< <p><strong>MonitorPrimary</strong>: Retrieves the number of the primary monitor, which will be 1 in a single-monitor system. On Windows 95/NT the primary monitor is always 1.</p>
---
> <p><strong>MonitorCount</strong>: Retrieves the total number of monitors. Unlike SM_CMONITORS mentioned in the table below, <em>MonitorCount </em>includes all monitors, even those not being used as part of the desktop.</p>
> <p><strong>MonitorPrimary</strong>: Retrieves the number of the primary monitor, which will be 1 in a single-monitor system.</p>
50c50
< <td>SM_CMONITORS: Number of display monitors on the desktop (not including "non-display pseudo-monitors"). <B>Windows 95/NT: </B>The retrieved value is always 0.</TD>
---
> <td>SM_CMONITORS: Number of display monitors on the desktop (not including "non-display pseudo-monitors").</TD>
91c91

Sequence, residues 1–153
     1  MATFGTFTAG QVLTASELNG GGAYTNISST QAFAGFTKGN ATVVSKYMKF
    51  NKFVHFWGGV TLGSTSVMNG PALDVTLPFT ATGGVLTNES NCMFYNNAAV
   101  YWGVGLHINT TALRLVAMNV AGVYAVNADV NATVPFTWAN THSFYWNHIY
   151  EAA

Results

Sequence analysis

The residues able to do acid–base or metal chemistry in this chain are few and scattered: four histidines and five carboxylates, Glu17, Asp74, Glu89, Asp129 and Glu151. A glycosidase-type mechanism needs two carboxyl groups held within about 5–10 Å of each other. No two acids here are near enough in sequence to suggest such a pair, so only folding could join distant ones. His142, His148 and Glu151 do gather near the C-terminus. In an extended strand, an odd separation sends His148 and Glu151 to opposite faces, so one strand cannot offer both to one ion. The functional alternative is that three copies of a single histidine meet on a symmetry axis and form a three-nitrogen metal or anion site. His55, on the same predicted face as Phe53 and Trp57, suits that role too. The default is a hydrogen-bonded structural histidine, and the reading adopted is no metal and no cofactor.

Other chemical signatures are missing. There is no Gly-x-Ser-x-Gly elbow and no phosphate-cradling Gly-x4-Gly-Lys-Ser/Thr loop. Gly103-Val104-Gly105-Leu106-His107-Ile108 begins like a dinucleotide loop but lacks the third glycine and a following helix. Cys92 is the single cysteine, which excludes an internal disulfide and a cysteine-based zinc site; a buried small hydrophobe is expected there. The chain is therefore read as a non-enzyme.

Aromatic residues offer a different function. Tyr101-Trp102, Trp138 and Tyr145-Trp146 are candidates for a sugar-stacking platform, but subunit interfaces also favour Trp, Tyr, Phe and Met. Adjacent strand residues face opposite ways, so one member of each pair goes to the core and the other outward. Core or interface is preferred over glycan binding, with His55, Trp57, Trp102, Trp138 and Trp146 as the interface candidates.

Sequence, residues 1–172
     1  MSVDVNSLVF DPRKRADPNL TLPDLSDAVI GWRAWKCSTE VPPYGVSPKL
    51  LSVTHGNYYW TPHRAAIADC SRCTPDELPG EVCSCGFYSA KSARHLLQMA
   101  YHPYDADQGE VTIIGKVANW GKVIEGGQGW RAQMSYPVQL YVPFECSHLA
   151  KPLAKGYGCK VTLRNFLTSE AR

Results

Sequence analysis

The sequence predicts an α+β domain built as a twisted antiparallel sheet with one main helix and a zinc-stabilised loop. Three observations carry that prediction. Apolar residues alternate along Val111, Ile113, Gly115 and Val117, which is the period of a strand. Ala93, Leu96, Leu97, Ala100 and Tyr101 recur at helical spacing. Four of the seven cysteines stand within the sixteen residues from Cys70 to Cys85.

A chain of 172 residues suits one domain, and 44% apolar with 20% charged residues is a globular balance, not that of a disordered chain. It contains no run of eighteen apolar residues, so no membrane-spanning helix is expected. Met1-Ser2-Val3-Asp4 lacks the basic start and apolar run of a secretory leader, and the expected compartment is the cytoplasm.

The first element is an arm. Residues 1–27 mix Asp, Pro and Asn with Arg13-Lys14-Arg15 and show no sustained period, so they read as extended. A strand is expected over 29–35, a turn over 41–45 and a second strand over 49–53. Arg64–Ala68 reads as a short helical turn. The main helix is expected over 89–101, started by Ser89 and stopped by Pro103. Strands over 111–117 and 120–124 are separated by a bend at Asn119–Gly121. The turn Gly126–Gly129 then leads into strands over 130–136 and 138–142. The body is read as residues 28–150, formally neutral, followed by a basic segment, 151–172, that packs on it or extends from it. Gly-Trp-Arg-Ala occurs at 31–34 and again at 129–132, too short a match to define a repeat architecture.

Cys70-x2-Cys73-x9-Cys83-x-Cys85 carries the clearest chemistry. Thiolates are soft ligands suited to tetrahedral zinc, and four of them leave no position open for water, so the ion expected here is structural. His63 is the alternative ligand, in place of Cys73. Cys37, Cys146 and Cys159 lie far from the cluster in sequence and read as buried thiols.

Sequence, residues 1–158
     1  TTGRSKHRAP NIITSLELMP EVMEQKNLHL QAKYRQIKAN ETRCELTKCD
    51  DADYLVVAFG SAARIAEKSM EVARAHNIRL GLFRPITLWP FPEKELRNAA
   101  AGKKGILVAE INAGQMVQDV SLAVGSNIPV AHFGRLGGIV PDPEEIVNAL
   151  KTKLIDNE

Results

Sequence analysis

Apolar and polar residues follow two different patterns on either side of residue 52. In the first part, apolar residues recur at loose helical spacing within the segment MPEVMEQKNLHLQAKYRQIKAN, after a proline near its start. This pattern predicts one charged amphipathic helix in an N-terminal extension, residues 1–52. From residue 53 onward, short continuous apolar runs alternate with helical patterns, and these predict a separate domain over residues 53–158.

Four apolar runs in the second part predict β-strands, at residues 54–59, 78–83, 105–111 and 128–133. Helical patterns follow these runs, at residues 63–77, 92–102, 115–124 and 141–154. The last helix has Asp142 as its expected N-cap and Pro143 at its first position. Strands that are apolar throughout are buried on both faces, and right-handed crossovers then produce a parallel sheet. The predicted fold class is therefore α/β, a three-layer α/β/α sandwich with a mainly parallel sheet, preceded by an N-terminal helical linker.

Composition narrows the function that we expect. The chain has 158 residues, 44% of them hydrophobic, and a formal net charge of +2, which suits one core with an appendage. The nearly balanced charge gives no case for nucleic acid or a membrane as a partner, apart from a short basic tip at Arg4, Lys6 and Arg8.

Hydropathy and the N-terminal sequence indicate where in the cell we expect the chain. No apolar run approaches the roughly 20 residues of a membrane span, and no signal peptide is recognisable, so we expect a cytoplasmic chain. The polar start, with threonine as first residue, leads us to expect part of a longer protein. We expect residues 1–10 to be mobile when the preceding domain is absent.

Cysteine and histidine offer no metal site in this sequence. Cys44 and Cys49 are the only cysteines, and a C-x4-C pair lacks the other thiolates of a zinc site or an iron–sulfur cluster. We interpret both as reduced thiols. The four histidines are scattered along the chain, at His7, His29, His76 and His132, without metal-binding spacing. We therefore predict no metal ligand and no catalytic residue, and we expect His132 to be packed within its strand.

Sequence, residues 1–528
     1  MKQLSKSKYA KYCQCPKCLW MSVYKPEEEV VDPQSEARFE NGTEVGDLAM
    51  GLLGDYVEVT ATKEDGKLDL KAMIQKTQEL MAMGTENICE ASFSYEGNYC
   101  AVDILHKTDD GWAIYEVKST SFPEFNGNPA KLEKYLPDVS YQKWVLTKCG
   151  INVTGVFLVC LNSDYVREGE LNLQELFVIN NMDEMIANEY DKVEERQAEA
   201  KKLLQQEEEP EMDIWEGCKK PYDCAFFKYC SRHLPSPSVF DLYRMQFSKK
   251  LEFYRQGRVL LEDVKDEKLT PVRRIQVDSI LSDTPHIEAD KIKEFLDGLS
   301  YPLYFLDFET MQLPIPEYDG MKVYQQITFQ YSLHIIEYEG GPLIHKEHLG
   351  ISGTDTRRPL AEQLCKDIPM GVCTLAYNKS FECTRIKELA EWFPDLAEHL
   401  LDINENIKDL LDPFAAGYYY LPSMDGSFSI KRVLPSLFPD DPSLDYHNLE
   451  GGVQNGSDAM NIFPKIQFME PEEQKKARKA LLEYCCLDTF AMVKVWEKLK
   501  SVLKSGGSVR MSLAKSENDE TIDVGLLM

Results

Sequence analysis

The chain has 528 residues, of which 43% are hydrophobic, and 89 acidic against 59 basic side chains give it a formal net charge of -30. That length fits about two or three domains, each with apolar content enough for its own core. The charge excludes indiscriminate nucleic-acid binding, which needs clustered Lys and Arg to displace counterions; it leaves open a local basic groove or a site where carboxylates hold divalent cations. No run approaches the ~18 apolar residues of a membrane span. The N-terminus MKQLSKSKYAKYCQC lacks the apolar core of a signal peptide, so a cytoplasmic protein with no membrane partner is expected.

<        the virtual screen. <B>Windows NT, Windows 95:  </B>The retrieved value is always 0.</TD>
---
>        the virtual screen.</TD>
99c99
< <td>SM_MOUSEWHEELPRESENT: Nonzero if a mouse with a wheel is installed; zero otherwise. <B>Windows 95:  </B>The retrieved value is always 0.</TD>
---
> <td>SM_MOUSEWHEELPRESENT: Nonzero if a mouse with a wheel is installed; zero otherwise.</TD>
110c110
<     session is remotely controlled; zero otherwise. <B>Windows 2000/NT, Windows Me/98/95:  </B>The retrieved value is always 0.</TD>
---
>     session is remotely controlled; zero otherwise.</TD>
118c118
<     is not necessarily the physical console. <B>Windows NT 4.0 SP3 and earlier, Windows Me/98/95:  </B>The retrieved value is always 0.</TD>